“It consists of forming same of a spring material, such as a piece of wire, that is bent to a rectangular, triangular, or otherwise shaped hoop, the end parts of which wire piece form members or tongues lying side by side in contrary directions.”
This was the official description used by Norwegian Johan Vaaler when applying for a patent in 1901. Do you know what he invented?
At left is the diagram he attached to his application. At right is how we see it today.
And not only is it now one of the most-used office supply in the world, it also has some other claims to fame which make me proud to be a paperclip owner and user!
During World War II, the small but mighty paperclip became a symbol of resistance for the Norwegian people. Started by students at the University of Oslo, wearing a paperclip on your lapel showed solidarity amongst the residents in Nazi-occupied Norway – showing that the people were still “bound together.” Eventually the Nazis caught on, and showing a paperclip in public became illegal and grounds for arrest.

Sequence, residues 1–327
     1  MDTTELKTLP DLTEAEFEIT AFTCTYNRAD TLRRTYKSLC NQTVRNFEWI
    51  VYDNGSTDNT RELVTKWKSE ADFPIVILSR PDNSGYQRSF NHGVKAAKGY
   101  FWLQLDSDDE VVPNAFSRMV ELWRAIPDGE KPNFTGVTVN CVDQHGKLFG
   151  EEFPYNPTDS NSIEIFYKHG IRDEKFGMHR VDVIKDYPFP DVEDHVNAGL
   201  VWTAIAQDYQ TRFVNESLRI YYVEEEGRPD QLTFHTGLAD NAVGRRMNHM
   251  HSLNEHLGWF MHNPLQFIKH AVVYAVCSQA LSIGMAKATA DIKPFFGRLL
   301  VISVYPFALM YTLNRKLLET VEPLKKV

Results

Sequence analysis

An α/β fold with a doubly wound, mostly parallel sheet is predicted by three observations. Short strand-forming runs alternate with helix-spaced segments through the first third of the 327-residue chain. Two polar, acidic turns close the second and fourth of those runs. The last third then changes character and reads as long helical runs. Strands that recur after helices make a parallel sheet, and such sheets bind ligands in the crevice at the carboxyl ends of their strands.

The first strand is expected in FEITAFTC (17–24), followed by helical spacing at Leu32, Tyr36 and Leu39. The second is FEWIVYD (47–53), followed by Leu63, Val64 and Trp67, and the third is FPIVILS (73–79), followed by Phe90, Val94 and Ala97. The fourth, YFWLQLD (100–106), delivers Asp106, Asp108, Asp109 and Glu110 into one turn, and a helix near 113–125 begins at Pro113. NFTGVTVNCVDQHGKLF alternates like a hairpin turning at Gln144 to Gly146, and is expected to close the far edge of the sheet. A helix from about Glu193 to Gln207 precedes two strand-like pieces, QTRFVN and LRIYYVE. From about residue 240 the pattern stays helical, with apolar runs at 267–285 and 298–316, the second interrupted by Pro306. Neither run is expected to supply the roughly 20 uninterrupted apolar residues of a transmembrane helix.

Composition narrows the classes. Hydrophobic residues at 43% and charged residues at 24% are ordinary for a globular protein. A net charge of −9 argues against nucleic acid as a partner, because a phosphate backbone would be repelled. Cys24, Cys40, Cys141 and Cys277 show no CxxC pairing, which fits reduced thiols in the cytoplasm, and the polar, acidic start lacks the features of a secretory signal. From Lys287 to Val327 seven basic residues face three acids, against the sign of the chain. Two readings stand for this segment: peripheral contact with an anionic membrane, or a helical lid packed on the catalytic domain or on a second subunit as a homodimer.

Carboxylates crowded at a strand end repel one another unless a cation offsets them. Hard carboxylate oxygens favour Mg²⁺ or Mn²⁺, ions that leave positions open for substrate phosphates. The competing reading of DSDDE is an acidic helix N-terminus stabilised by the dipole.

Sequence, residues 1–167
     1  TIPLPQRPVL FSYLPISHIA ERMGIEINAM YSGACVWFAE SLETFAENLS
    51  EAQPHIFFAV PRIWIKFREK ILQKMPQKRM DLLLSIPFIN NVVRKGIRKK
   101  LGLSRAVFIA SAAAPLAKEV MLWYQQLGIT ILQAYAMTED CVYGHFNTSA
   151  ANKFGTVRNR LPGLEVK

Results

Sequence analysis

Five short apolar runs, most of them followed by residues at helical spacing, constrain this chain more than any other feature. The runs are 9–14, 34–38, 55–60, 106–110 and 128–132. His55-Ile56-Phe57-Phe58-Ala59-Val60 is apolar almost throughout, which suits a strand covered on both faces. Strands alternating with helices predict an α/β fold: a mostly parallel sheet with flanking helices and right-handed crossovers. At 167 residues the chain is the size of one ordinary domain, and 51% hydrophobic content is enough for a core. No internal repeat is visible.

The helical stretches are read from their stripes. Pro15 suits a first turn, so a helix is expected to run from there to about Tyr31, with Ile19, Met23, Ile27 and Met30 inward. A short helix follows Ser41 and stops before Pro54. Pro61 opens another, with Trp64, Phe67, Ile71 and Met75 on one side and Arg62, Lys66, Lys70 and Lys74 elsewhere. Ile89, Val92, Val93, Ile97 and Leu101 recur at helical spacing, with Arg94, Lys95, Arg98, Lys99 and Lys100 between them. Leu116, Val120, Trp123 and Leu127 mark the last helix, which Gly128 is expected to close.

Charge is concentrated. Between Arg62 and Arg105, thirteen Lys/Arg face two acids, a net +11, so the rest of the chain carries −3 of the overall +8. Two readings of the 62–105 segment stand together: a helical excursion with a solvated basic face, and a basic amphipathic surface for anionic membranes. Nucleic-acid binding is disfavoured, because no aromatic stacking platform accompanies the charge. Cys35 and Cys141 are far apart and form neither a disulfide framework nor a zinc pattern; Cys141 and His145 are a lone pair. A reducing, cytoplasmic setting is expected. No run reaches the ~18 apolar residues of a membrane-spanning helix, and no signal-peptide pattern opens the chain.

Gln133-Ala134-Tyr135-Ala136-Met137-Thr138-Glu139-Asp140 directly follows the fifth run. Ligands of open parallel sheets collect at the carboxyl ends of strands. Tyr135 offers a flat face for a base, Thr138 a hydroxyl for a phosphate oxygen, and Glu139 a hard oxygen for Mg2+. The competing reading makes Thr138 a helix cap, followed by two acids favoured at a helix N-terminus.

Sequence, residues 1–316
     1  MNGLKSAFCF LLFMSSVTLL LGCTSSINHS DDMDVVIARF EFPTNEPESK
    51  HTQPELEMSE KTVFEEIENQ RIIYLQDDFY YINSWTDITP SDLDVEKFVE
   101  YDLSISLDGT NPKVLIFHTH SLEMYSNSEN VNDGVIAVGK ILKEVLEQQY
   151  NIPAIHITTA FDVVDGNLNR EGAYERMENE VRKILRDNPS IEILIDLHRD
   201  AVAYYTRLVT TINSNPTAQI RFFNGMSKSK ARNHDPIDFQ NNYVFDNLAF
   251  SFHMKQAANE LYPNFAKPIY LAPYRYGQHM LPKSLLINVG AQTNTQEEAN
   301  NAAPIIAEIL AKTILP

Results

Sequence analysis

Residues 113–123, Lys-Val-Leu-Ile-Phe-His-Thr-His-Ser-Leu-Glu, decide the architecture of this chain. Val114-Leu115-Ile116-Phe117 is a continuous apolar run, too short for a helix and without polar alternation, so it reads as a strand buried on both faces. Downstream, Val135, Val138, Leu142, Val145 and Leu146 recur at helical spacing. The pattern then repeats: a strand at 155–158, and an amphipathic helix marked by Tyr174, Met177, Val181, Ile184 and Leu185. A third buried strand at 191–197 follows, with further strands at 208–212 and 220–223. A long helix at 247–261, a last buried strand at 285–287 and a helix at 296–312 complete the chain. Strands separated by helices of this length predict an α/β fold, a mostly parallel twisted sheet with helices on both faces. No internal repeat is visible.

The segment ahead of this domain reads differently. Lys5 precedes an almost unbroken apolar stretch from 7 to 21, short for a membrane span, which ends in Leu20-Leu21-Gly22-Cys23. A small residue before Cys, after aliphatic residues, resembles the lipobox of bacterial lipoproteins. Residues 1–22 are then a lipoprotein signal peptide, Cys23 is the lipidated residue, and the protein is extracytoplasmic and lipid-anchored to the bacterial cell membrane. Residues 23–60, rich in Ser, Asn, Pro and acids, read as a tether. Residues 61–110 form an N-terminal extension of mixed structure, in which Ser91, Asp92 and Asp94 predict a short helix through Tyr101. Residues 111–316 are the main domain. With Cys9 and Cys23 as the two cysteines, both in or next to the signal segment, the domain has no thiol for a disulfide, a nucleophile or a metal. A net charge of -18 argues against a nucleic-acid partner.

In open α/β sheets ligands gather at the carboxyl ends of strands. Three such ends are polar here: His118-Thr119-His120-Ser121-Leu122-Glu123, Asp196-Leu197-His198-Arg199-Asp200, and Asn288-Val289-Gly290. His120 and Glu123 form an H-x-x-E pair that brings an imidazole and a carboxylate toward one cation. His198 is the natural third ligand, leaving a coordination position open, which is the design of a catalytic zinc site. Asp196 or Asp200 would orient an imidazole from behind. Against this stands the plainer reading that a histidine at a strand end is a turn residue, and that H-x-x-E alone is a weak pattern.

In more recent years, a single red paperclip is the star of a book explaining the true journey of a Canadian man who bartered, over the course of nearly one year, one red paperclip for increasingly bigger and more valuable items until he was the owner of a house! His journey started with a blog, eventually became a book, and has brought him international attention.
Paperclips. Not just for paper anymore.